Hello and Welcome to this Blog about how José and I are learning to conquer Tetraplegia (paralysis of all four limbs). Following José'...

Month 3 - Rehabilitation

It's been three months since José's accident and he continues to prove that he has a fighting spirit.

Shortly after my last update we had a case conference with his consultant to find out the extent of his injury and to see the MRI images.  It was confirmed to us that José broke the very highest vertebrae in his neck, C1, but fortunately this fell away from the spinal cord. He also had fractures to the base of his skull, most of his neck vertebrae and into his back.  His spinal cord is damaged from C2 to C7 (pretty much all of his neck) and he caused soft tissue damage to his neck.  In short he is a very lucky man to be alive, but he is unlikely to regain any functional movement or feeling.  We all feel VERY lucky indeed to still have him.

Having said all that, and just proving how each Spinal Cord Injury is unique, José has already had his tracheostomy reversed, despite expectations to the contrary, and doesn't need any ventilation even at night.  Getting rid of the tube in his neck has helped his swallowing, so he is now eating regular moist food with ease and drinking a great deal of fluids (no beer yet, but it will be allowed when he's off site!).  His aim is to have the feeding tube removed as soon as possible.

José's tolerance of the wheelchair has also increased and you're more likely than not to find him up and about when you visit now.  He has moved from a chair pushed by a carer to an electric chair that he controls with his chin, and as you'd expect is already asking for the speed to increase and I have to trot alongside - I never could keep up with him on wheels.

His physio now involves an FES bike.  This involved shaving his legs so that electrical pads can be attached to his muscles to stimulate movement whilst the bike offers resistance; incredible technology.  They were surprised that José still had muscle strength in his legs after three months, it just shows how strong he was.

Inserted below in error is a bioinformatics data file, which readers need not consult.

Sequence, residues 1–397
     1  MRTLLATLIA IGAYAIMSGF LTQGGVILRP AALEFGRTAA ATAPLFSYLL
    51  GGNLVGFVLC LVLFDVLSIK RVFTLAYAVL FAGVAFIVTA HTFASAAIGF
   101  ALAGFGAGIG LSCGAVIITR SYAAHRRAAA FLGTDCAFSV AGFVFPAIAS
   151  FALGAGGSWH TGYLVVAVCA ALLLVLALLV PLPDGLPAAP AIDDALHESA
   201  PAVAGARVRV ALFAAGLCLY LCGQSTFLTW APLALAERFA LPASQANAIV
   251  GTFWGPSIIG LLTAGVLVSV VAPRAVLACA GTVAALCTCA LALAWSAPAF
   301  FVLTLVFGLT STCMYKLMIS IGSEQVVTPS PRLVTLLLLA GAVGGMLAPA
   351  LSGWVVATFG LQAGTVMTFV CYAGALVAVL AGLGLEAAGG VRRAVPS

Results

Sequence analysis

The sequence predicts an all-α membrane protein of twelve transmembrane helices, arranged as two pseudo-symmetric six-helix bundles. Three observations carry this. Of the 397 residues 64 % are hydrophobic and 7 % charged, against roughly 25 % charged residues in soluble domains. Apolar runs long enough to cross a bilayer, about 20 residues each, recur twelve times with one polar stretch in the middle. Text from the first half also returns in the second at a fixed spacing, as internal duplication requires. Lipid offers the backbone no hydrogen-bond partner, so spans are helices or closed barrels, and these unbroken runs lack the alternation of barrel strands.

Last week José and I had a date!  Two nurses took us off site to a pub away from the hospital, where we confused the server by asking for two tables for two, and we had a lovely lunch.  This was José's first trip out to the real world, and a big milestone.  We were both nervous but we encountered no problems and no staring, and I managed to feed him without choking him or making an unsightly mess.

Another first last week was the reintroduction of José to Bradley (our dog).  There was no doubt about recognition, Bradley sniffed José out straight away and seemed to know that only his head was working; going straight for full face kisses - good job I had wet wipes.  When I took Bradley again yesterday he knew exactly where we were and why.

All in all we are making incredible progress and making plans for when José is returned home.

Having such tremendous support from friends and family is making a huge difference to both of us, thank you all, we wouldn't be doing as well without you.

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